This is one I have attempted to view through the telescope but which is fairly difficult to view. Through the telescope and in any image taken in the visual spectrum the Horsehead nebula is a dark patch of dust and gas against the glowing background nebula. This painting is based on an image taken by Hubble in the infrared, a wavelength in which the gas of the nebula can be observed. It's just a very tiny part of the much larger Orion Molecular Cloud Complex.
As all of my iPad paintings have been, this was done with Procreate using an iPad Air 2 with a generic stylus.
My first effort at using the iPad and Procreate to paint was the Eagle Nebula. To be honest I started that first project assuming I would not get very far. I'd never painted and expected it would be a huge mess. But it wasn't half bad and I enjoyed the process far more than I expected I would. In fact I enjoyed it so much that when I finished I decided to try another, the Orion Nebula. When I finished that I thought I'd give the Lagoon Nebula a try. I chose the Lagoon Nebula because I'd recently viewed it as it is a great summer object and one I always view at least a few times each season.
A couple months back I started to see quite a few mentions of an iPad app called Procreate. It had been out for a couple of years but with Apple’s release of the iPad Pro and Pencil, Procreate was getting some new attention because it is an app specifically designed for painting on the iPad. I’m not a painter which is why I’d not given it more than a passing glance before. That said I have spent the past few years focusing more on increasing my graphic design skills, specifically vector-based work. I began with Illustrator because that is the industry standard. But have branched out to others because I don’t like Adobe’s subscription model. In any case, my time spent working in vector apps led to several for-fun illustration projects which has opened the door a bit to a larger creative flow. Enter Procreate and the idea of sketching or painting with an iPad.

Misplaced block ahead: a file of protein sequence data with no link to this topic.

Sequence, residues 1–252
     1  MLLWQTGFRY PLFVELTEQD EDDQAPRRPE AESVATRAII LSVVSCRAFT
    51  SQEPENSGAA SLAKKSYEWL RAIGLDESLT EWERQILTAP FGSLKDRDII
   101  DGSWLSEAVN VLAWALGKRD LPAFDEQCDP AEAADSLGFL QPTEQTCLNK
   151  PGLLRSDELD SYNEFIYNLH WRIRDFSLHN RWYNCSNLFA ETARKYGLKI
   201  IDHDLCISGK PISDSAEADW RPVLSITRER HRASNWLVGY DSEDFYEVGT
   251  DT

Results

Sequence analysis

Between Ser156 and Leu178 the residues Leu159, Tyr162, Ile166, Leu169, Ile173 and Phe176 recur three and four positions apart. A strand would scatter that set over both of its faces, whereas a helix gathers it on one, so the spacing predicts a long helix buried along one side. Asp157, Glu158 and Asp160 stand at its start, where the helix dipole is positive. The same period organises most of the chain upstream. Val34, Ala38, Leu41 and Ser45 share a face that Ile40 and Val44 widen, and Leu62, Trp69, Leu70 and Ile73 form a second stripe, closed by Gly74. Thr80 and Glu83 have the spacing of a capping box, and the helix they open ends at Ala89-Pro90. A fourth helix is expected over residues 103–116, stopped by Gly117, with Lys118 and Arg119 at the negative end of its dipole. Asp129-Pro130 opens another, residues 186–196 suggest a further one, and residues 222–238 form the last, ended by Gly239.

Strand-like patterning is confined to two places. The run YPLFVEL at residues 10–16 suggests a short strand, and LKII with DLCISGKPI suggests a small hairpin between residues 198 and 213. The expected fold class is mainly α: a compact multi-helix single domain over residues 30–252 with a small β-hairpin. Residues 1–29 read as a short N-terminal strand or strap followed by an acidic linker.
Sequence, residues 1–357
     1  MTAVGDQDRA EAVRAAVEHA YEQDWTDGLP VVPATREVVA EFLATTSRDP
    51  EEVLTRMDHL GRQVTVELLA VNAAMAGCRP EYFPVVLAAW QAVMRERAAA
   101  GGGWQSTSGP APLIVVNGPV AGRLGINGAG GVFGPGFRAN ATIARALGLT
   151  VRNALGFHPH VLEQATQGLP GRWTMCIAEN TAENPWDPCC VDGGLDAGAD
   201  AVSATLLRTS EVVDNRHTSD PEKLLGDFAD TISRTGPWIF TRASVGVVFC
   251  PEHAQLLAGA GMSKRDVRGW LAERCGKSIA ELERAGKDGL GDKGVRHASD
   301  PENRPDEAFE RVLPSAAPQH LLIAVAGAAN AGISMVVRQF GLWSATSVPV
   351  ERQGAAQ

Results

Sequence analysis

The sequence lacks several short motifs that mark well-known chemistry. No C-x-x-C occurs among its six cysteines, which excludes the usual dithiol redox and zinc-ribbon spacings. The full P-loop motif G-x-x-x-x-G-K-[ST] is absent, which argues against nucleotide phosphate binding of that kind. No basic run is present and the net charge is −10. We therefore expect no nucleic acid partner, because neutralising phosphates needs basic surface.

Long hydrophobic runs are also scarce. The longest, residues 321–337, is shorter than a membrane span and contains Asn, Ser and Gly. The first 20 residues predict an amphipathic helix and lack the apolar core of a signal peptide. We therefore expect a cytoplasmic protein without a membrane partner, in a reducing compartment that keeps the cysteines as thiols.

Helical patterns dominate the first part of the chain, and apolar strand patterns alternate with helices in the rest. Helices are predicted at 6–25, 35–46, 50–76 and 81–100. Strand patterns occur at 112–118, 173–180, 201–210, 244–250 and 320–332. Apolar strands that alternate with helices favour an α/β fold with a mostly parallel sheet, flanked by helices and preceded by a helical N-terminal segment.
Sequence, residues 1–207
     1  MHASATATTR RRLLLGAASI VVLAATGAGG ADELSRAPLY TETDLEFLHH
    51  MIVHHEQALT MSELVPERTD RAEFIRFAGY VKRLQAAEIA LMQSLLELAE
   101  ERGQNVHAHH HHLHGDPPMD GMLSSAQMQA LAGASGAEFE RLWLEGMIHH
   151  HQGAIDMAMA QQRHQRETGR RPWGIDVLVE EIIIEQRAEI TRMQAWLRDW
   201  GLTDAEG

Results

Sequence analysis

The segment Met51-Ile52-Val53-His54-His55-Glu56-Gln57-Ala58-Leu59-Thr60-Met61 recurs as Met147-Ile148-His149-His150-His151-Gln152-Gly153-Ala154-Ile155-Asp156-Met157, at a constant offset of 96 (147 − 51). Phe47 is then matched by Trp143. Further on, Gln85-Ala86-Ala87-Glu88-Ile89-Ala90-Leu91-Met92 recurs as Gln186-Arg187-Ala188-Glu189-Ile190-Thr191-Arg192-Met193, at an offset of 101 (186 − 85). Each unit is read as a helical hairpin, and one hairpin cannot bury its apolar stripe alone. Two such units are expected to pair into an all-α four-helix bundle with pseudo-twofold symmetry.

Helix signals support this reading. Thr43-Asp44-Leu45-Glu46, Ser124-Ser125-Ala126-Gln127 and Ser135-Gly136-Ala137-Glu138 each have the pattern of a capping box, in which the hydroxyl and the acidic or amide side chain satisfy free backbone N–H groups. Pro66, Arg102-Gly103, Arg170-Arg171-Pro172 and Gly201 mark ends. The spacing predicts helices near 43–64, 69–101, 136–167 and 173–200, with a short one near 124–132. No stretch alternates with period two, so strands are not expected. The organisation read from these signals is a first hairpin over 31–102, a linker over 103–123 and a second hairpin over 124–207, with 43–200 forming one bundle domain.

I’ve not upgraded to an iPad Pro yet as my Air 2 is still quite fast and fully capable of doing what I do with it. I’ve never noticed the slightest bit of lag. So, when I started playing with Procreate it was not with Apple’s fancy new Pencil but with a generic $3 tablet stylus. It’s got a rubbery ball end that works much better than a finger for seeing where I’m touching the glass and allows for a much smaller point of contact. Nothing so accurate or fine as the Pencil but it still works pretty well.
The Pillars of Creation
My first really go at something was unintentional. It started as a doodle of a book cover which had a close up image of the “Pillars of Creation” which is just one small part of the Eagle Nebula. Ten minutes turned into twenty which turned into an hour and then two hours. I couldn’t put it down. I spent the better part of a day and evening. And a couple days later I picked it up again to fix a few bits that were out of proportion which led to another evening. By the time I was “finished” I’d probably spent 15 hours on it. I’ve no doubt that someone with more skill could have done much better in less time but for me it was not only a learning process but I found it incredibly relaxing.